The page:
What you really need to know about eating red meat
October 28, 2015
This week the World Health Organisation announced that consuming red meat is “probably carcinogenic to humans, based on limited evidence that the consumption of red meat causes cancer in humans” and that consuming processed meat is “carcinogenic to humans, based on sufficient evidence in humans that the consumption of processed meat causes colorectal cancer.”
Blimey. Talk about headline-grabbing.
But is that all it is?
From the headline “carcinogenicity of consumption of red and processed meat”, we’re already down to colorectal (bowel) cancer and “probably”. You may think I'm just being a cynic, however what you won't be told is how valuable the data collected really is. There are different ways of conducting research studies and collecting data and there are even more ways of interpreting that data. None of these studies has tested the consumption of red or processed meat as an isolated intervention (ie that is the only difference between the control group and the intervention group). But they have measured what conditions the individuals later develop.
These studies don't tell us about the overall diet of these individuals or even the control groups. It's quite possible that those who are eating more red meat or more processed meat are also eating more processed food in general. I don't eat red meat every day and try to limit it - partly because I love vegetables and can cook tasty veggie food and partly because I try to be careful about what I eat. Therefore this also means I barely ever buy ready-prepared food and try to get nutrients from all the food groups in my diet. This may of course make me healthier and less likely to develop colorectal cancer than a person who consumes a lot of processed meat and other processed food. Because I eat less red meat, I eat more vegetables - which are thought to help bowel movements and prevent diseases of the bowel. Eating more processed (not necessarily red) meat may reveal a less healthy lifestyle in general. Chances are that the processed white bread and ketchup you eat with that burger are as much to blame.
The WHO report describes processed meat as “meat that has been transformed through salting, curing, fermentation, smoking or other processes to enhance flavour or improve preservation.” There is a massive difference between 'other processes' and the traditional curing methods, which we seem to have managed with for a few million years without this modern disease we now fear. Perhaps cancer was less identified but existed moneyless but there's no doubt that it's a modern disease in that the number of cases per hundred persons has increased rapidly over the last decades. I think that this undoubtedly has a lot to do with our environment and our diet but salting, curing, fermentation and smoking have been used for a lot longer than a few decades in order to preserve meat. Preserving was essential to enable us to acces the nutrients found in meat - which we need to live (essential fats, complete protein, vitamins and minerals). It's almost as if nature is telling us meat might be useful for us!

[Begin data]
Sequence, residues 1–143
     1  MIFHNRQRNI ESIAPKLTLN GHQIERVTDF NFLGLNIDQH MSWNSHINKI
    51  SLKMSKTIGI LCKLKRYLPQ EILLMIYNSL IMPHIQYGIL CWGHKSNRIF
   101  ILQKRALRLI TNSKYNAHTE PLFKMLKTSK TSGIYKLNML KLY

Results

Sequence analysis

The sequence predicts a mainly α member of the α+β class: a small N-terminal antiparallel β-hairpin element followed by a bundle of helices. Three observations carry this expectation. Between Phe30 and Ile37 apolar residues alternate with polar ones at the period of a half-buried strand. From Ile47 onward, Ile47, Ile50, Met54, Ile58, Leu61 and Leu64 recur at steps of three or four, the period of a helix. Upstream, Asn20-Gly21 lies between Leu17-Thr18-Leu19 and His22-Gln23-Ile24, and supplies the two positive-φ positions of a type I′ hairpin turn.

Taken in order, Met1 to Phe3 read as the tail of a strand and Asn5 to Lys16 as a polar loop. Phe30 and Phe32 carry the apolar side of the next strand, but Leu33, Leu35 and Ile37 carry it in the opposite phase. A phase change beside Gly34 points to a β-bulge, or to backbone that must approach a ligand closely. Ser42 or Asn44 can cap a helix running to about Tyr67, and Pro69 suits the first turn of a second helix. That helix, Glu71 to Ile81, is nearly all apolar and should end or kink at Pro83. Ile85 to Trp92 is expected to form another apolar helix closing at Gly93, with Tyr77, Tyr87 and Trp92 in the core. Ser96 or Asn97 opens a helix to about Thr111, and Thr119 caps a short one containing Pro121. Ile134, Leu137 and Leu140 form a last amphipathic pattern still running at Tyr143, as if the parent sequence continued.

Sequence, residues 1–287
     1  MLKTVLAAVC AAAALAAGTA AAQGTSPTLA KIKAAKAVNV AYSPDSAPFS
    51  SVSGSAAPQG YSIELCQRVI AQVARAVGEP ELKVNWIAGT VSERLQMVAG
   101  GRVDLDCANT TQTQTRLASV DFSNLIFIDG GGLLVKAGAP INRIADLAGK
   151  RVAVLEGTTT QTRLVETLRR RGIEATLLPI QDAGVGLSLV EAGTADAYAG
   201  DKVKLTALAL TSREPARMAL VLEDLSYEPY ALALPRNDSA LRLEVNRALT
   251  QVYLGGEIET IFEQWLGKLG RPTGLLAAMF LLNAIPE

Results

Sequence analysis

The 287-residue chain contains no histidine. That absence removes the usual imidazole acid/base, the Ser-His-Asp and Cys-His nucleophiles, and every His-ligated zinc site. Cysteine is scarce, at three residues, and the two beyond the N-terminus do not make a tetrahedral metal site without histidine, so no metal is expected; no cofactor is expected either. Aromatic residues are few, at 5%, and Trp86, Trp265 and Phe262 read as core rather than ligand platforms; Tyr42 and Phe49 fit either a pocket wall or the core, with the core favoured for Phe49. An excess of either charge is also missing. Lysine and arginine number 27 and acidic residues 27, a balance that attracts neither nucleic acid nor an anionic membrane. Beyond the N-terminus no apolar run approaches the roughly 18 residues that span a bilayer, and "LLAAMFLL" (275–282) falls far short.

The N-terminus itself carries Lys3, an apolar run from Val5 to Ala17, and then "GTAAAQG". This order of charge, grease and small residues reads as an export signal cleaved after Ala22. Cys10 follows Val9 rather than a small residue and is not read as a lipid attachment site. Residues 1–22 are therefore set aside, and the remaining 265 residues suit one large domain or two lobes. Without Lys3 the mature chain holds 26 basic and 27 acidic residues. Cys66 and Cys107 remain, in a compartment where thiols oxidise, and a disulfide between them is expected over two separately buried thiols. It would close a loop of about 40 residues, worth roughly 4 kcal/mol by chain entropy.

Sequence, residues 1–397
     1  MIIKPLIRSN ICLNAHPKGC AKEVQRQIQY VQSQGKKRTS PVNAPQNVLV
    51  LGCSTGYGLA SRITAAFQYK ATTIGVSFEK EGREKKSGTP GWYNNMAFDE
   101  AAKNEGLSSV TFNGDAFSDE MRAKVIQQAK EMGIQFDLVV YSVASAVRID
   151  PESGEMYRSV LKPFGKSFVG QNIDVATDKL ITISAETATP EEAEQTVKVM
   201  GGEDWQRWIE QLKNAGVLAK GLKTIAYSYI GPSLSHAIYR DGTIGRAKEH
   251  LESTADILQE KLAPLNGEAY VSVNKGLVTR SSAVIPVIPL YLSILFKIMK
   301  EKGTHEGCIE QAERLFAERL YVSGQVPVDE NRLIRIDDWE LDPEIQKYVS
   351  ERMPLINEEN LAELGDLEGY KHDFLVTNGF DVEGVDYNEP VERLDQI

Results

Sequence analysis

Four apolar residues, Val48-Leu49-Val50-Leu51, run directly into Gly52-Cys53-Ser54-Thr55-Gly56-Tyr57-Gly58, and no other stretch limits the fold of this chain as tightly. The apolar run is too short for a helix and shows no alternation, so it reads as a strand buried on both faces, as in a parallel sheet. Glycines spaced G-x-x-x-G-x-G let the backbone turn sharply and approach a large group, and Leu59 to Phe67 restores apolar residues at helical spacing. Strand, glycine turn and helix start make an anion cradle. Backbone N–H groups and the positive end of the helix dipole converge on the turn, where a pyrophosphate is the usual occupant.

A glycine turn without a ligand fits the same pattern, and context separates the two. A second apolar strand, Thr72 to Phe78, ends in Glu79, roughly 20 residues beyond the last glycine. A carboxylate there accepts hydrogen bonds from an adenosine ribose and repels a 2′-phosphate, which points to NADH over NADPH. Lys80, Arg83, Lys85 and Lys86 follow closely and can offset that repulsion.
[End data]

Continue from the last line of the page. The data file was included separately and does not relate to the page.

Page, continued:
So let's not try to confused these methods with processing that involves poor quality meat (animals fed on fake food and pumped full of chemicals) and artificial processing methods which involve more chemicals. They may observe a pattern between people who consume processed meat and people who go on to develop bowel cancer.
What is your risk?
Well, bowel cancer tends to affect those over 50. In fact, 95% of bowel cancer cases occur in people aged 50 and over. 41,581 people (65 per 100,000) people were diagnosed with bowel cancer in 2011. In comparison, 50,285 were diagnosed with breast cancer in the same year. And yet there are few known causes of breast cancer.
Cancer Research UK has the statistics should you wish to inform yourself. http://www.cancerresearchuk.org/health-professional/cancer-statistics/statistics-by-cancer-type/bowel-cancer#heading-Zero
What to do?
Well, the Lancet does thankfully remind us that red meat 'contains high biological value proteins and important micronutrients such as B vitamins, iron (both free iron and haem iron), and zinc.” Plus essential fats, vitamins and minerals.
My advice is to try to limit your red meat intake to twice or three times a week. Eat lots of vegetables and eggs. Add pulses and grains to your diet. And avoid any processed food - of any kind. If you want salami and chorizo, go to your local butcher and check ingredients labels.